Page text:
Receiving World Book Night 2016 books opened up new reading opportunities at the Stonham Mental Health Tenancy Support Service in Rotherham and encouraged members of their drop-in group to read more widely. Paul Truin, the service's volunteer co-ordinator, recently told us about this positive impact:
We offer a free floating support service in Rotherham for people with mental health issues who have a housing need, and are at risk of becoming homeless -- if you haven't got a secure roof over your head, it's very hard for other things in life to slot into place, or to overcome wider challenges. Stonham is the care and support division of Home Group Ltd and there are approximately 550 different projects in the UK.
Our drop-in group
About 18 months ago we set up a weekly drop-in group at Mowbray Gardens Library, Rotherham; I try to ensure reading and literature feature in these groups often. We've been very keen to support our local library - we encourage group members, who are mostly men, to take out books and library membership, because it is always good to hear someone talk about a book they have enjoyed.
Administrator Viveca Evans, who is based at our regional head office in Wetherby, has been a World Book Night book-giver for the past three years. She has previously gifted books to accommodation-based services for ex-offenders run by Stonham in Middlesbrough and Hartlepool and to Stonham's Harrogate-based floating support service, which is for vulnerable people at risk of becoming homeless, and this year she offered our group free World Book Night books.
At first I was a bit worried that this might be a bit counter-productive - I thought it might take group members away from borrowing library books.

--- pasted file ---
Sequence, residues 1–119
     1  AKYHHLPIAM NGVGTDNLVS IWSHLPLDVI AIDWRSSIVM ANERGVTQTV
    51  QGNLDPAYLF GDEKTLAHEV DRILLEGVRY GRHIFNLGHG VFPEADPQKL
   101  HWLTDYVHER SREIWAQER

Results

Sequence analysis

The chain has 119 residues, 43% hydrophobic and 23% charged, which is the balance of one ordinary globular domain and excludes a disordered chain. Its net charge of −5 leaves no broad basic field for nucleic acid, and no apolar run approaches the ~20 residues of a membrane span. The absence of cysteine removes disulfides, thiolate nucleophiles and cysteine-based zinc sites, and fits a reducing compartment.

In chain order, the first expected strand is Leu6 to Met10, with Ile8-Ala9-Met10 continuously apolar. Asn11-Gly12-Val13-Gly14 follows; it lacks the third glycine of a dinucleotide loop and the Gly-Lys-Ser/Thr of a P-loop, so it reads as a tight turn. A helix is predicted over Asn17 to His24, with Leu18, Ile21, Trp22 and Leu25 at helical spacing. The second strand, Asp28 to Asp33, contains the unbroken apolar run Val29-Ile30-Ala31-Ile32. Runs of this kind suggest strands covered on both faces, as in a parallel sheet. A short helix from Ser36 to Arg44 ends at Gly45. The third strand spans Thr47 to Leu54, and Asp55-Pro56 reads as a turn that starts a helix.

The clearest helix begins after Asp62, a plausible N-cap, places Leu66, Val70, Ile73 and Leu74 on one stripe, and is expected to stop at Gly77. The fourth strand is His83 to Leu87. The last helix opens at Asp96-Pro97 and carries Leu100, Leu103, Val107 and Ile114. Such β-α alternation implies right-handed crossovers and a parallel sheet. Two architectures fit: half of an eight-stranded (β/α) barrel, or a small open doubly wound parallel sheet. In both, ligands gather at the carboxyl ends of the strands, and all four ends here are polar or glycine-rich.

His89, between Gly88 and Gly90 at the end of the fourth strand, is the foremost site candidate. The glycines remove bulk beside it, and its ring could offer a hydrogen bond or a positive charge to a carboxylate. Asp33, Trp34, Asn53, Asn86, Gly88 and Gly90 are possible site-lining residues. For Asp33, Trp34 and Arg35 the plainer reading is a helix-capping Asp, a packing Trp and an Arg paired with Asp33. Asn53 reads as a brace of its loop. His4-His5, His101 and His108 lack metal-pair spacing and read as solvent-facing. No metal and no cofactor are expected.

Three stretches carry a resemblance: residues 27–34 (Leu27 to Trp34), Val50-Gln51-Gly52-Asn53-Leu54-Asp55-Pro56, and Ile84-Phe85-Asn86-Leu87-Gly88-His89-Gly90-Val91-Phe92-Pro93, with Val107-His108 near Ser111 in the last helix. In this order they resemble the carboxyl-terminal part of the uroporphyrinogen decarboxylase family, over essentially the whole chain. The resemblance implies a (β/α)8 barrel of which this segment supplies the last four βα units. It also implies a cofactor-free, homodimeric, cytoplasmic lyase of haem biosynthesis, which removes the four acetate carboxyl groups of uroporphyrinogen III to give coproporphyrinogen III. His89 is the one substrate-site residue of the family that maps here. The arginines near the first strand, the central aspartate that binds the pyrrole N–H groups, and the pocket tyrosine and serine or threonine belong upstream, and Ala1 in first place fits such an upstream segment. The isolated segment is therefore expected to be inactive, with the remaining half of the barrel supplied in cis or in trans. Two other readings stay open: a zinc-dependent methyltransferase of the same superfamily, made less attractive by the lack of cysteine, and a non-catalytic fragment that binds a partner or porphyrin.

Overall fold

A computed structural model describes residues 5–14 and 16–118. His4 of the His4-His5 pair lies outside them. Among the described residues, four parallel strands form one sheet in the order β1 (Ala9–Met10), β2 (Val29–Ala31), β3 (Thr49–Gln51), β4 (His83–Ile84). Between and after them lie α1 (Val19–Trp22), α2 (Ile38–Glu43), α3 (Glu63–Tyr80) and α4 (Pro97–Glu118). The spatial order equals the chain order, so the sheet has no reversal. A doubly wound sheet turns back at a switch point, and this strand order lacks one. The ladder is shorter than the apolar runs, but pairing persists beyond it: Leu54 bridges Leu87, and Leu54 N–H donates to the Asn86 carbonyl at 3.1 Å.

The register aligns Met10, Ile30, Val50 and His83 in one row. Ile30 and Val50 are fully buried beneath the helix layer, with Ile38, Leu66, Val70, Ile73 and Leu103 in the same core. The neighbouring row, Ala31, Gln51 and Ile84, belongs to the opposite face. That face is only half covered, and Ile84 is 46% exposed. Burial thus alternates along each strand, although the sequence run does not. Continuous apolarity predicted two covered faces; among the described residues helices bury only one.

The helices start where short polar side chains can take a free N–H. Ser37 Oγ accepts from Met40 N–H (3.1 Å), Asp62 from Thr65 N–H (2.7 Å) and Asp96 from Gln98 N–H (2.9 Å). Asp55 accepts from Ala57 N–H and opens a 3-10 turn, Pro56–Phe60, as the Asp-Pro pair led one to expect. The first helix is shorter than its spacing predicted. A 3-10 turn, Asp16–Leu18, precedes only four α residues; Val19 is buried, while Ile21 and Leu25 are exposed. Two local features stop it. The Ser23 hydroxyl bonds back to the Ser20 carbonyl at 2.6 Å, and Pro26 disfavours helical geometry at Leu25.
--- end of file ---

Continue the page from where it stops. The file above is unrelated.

But I liaised with Viveca to make sure that the titles we received - The Last Bus To Coffeeville by J Paul Henderson and The Rotters' Club by Jonathan Coe - were suitable for people with mental health issues, and made sure that every group member got at least one copy, but in most cases a copy of each.
In fact, they turned out to be the opposite of counter-productive, mainly because they were such good reads! The group members who were attending the library drop in session that day were very surprised and pleased that someone had nominated the group as a suitable destination for a 'gift' of new books. They were honestly touched, and very appreciative.
"They've got us talking about contemporary fiction"
The books led group members to read more books by the same authors and into wider reading: they fed back that these weren't books that they would have thought of picking for themselves. They were all really pleased with the books and send a big thank you to World Book Night and The Reading Agency for arranging them.
Our group members take out a whole range of books, but to date we had mostly looked at history books so contemporary bestsellers were a bit of a new direction for us, and opened up some new directions. I've had conversations with a number of group members who, after reading the donated World Book Night books, have been reading more fiction. They've also got us talking about the latest contemporary fiction, as opposed to established authors from the last 50 years or so.
A lot of the people we work with aren't able to travel much, so they like to read about other places and other worlds. I have also applied for funding to do more work around culture in the Rotherham area.
I'll give the last word to Viveca, who says:
"All these wonderful books meant that we were able to give a brand new book to each client, some of whom had never owned a new book before."
Read more about World Book Night
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